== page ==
Giant Orange and Regina ID Sheet

General Information

If you are familiar with D. tinctorius, you know that there seem to be many different forms of this frog, practically an endless supply of variation. One large population of frogs seems to have been isolated into pockets of geographically isolated populations, and the frogs which inhabit these “rainforest islands” have diverged into a wide variety of different appearing frogs, most likely on their way to becoming new species.

These different forms are called morphs, and are given a variety of names in the US and European hobby. Sometimes these names are based on the frogs appearance, sometimes on the place name they are associated with, and sometimes on something like an individuals name. The true location of the habitat of these morphs is often lost in the transaction that takes place between the native people who collect them, and the business men who bring these frogs to the port of origin in the exporting country. In many cases, the information is intentionally with held to prevent others from collecting the frogs

This results in considerable confusion regarding what frogs are what form. In some cases the same frogs may have more than one “morph” name, due to their having been named by different people in different times and places. In other cases I believe that frogs from the same locality are diverse enough to be named two different morphs, even though in nature they probably coexist and interbreed.

The “Giant Orange” morph of D. tinctorius is, along with the French Guiana Dwarf cobalt, and the yellow back form, one of the original forms of tinctorius to be kept in the hobby, first in Europe and then in the United States in the late eighties and early nineties. However it has never been a common frog, and remains fairly rare today. When I first became aware of the “Regina” morph, I was told it was a very similar morph of tinctorius to the Giant Orange, but with more yellow on it. In fact at one point I was told by more than one knowledgeable individual that a Regina was just a Giant Orange with a lot of yellow!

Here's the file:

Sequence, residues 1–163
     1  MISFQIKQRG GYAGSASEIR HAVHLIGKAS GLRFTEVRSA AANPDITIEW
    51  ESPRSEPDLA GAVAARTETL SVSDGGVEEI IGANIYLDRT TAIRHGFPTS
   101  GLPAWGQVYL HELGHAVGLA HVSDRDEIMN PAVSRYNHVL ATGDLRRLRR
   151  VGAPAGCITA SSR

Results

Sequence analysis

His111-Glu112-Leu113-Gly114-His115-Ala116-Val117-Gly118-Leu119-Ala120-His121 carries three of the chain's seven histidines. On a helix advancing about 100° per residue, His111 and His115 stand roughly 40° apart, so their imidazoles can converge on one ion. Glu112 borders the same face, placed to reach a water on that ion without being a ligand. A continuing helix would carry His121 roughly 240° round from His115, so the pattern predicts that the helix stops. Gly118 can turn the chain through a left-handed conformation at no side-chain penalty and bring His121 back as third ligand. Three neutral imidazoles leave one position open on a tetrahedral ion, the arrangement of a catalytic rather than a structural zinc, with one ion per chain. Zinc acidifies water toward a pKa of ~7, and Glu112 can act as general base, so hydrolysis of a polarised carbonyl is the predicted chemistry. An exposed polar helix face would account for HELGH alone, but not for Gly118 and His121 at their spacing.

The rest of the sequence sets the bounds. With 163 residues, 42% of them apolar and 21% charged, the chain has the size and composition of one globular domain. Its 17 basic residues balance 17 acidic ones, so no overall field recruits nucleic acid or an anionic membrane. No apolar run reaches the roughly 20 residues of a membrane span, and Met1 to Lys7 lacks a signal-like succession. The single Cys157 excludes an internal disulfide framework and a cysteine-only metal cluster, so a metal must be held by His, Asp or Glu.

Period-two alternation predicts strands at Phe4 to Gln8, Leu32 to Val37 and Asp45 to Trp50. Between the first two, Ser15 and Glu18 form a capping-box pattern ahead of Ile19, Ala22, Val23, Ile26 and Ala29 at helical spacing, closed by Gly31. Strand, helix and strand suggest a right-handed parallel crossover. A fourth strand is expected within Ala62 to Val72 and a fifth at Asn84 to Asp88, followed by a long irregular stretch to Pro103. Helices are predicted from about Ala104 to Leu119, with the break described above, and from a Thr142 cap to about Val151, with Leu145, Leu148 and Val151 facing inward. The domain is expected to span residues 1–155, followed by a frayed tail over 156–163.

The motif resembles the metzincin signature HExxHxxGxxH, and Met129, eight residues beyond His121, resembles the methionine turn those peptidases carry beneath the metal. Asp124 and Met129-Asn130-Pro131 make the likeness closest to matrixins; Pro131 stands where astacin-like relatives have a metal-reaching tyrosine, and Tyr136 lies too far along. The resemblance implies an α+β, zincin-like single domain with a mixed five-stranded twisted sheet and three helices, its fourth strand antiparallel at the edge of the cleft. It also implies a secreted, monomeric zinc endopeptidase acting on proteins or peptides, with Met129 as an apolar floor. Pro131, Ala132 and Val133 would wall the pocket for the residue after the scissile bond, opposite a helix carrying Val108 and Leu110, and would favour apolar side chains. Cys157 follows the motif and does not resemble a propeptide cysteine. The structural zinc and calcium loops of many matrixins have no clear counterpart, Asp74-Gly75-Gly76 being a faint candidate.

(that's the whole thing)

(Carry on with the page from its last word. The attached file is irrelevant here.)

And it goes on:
This is one of those cases where there is plenty of confusion regarding the true meaning of these two names. The two frogs seem to come from the same area, around the town of Regina in eastern French Guiana, but specific locality data seems not to exist. I believe that the following will help to point out the differences in the frogs most often labeled Giant Orange and Regina in this country, but there are probably other very similar morphs which exist in the wild, and in collections in Europe, which may not fall into these categorizations. In fact all I can be sure of is that the differences I describe below are what distinguishes the Giant Orange in my collection from the Regina in my collection!

Giant Orange